The United Methodist Judicial Council will decide late October if its clergy and local church regions can hold different opinions on the issues of homosexuality and marriage and will also decide the fate of four priests who have been charged with marrying same-sex couples.
A 1972 rule in the United Methodist Church’s internal law book states, ‘The UMC does not condone the practice of homosexuality and considers this practice incompatible with Christian teaching,’ and bars its clergy from officiating same-sex marriages but many United Methodist churches have been doing so anyway.
569 United Methodist Churches have formed an LGBT welcoming Reconciling Network and over 1,500 United Methodist clergy have signed onto a statement saying they are willing to perform same-sex marriages.
In addition, the church’s Western Jurisdiction, which covers an area from Hawaii to Alaska and down to Colorado passed a resolution in July last year saying that the central church’s leadership were ‘in error’ on the issue and decided to ignore church rules on homosexuality and marriage.
The central church cannot change its laws before its next quadrennial conference in 2016 but ruling against priests who are marrying same-sex couples would put the church in a difficult position with so many dissenters.
One of the priests up on charges, the Rev. Thomas Ogletree, a former dean at Yale University, was the subject of an official complaint after he was listed as the priest in a marriage announcement notice in the New York Times for a same-sex couple.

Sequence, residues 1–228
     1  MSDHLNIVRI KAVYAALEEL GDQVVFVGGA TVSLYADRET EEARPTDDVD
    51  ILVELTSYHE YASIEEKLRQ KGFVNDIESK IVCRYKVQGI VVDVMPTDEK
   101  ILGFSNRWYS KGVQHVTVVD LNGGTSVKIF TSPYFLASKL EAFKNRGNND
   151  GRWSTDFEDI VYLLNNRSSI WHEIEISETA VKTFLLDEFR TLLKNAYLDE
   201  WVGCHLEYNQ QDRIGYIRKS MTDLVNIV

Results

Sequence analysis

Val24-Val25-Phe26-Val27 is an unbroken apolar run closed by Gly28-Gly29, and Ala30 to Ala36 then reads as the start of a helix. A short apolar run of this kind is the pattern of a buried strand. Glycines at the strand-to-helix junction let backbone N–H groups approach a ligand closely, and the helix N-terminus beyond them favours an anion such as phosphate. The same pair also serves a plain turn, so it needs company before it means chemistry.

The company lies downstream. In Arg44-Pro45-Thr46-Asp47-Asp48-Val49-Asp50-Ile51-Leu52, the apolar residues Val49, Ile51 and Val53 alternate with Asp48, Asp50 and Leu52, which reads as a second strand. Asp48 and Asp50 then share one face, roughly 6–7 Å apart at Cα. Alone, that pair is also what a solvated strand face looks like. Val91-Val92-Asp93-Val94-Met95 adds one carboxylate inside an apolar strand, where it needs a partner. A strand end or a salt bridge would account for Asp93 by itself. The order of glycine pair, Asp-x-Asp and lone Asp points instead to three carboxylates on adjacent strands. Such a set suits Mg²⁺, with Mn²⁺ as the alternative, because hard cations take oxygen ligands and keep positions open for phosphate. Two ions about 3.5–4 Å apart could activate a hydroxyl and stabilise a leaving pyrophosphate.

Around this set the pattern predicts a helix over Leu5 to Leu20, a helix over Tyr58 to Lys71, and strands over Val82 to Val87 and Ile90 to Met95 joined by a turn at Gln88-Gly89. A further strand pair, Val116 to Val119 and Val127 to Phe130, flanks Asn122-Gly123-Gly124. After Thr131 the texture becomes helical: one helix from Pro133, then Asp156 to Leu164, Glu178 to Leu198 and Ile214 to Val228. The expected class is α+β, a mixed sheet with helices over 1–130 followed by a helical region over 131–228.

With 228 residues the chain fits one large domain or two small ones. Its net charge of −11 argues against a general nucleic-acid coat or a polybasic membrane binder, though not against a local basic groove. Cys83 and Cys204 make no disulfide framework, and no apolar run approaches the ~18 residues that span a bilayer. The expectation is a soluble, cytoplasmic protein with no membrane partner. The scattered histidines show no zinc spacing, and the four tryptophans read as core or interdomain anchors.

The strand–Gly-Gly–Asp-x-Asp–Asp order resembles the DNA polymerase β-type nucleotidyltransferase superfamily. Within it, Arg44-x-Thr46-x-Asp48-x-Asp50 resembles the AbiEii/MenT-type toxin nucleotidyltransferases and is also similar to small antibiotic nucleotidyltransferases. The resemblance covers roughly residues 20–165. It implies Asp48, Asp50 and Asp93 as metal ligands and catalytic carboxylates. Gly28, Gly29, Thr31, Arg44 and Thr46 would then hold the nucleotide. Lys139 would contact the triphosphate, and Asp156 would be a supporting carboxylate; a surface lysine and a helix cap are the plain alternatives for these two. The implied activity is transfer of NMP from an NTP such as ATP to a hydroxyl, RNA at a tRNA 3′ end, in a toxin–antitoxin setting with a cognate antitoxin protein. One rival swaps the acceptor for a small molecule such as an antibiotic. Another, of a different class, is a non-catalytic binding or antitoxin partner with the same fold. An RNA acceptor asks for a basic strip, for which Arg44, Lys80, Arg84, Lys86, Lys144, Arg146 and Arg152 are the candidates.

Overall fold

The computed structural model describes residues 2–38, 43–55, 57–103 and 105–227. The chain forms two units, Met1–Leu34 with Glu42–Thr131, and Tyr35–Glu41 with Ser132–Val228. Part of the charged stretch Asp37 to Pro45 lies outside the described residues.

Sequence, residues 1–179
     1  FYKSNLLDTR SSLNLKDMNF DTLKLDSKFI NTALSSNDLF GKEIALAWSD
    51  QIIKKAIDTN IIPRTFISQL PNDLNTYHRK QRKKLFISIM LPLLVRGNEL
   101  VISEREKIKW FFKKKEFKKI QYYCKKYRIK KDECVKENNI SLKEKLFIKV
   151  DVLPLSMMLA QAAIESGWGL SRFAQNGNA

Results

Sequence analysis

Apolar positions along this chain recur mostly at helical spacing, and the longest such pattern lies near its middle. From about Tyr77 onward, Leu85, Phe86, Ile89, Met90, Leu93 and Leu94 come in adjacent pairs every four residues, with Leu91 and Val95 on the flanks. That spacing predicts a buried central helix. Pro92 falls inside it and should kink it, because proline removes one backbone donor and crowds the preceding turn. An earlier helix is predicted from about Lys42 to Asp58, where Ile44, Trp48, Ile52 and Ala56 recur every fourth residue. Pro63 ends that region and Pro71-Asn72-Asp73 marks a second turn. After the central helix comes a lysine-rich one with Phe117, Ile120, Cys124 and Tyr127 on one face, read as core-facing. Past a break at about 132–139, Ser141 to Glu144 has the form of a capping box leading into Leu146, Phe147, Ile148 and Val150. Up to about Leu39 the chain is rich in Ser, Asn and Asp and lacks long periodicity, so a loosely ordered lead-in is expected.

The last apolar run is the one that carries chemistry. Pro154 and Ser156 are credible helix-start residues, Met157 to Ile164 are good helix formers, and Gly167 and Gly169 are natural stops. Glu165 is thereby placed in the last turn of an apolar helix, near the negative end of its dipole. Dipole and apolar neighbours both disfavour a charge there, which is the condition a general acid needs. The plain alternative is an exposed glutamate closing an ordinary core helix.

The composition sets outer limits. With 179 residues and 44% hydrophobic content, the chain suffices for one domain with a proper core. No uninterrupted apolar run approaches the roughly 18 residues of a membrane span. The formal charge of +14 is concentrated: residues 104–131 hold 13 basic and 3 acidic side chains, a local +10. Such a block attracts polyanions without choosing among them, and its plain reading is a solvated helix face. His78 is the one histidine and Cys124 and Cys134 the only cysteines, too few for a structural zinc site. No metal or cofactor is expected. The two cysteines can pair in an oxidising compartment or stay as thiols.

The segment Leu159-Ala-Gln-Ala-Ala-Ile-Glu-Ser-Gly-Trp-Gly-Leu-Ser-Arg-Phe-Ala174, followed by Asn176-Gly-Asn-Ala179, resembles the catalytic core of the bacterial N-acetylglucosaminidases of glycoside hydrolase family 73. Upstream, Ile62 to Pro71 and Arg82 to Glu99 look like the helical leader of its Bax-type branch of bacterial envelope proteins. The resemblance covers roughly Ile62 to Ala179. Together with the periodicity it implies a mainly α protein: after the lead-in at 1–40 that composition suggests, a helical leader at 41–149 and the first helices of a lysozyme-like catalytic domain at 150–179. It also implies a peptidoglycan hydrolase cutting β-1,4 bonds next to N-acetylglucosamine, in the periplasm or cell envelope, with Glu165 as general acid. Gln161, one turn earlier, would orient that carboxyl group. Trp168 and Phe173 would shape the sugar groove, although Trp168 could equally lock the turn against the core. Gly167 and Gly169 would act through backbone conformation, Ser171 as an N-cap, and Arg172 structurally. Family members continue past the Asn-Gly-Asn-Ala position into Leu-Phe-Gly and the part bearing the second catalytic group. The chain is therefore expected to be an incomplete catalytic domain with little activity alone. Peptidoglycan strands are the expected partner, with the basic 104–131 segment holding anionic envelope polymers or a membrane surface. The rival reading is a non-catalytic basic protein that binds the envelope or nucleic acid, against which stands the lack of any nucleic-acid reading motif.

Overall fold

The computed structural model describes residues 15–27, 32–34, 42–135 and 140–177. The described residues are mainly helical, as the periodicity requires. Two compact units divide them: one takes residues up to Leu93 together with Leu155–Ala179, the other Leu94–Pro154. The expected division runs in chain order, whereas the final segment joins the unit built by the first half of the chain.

Another, the Rev. Steve Heiss, is in hot water with his bishop after performing six same-sex marriages since same-sex marriage was legalized in New York state and has not ruled out performing more.
Earlier this week Melvin Talbert, a retired United Methodist bishop announced plans to marry a same-sex couple in Alabama in October.
He says he is not conflicted in doing so because be believes the United Methodist law book contradicts itself on sexuality.
Talbert points to other church rules which be believes carry more weight such as one that reads, ‘Inclusiveness means openness, acceptance, and support that enables all persons to participate in the life of the Church, the community, and the world. Thus, inclusiveness denies every semblance of discrimination … We affirm that all persons are individuals of sacred worth, created in the image of God.’
Another reads, ‘All persons, regardless of age, gender, marital status, or sexual orientation, are entitled to have their human and civil rights ensured … We commit ourselves to be in ministry for and with all persons.’
Talbert, who was once jailed with Dr Martin Luther King Jr for his role in the US civil rights movement, will marry Bobby Prince and Joe Openshaw on October 26 – the same day as the United Methodist Judicial Council is likely to rule on the issue.
The United Methodist Church is the second largest Protestant denomination in North America.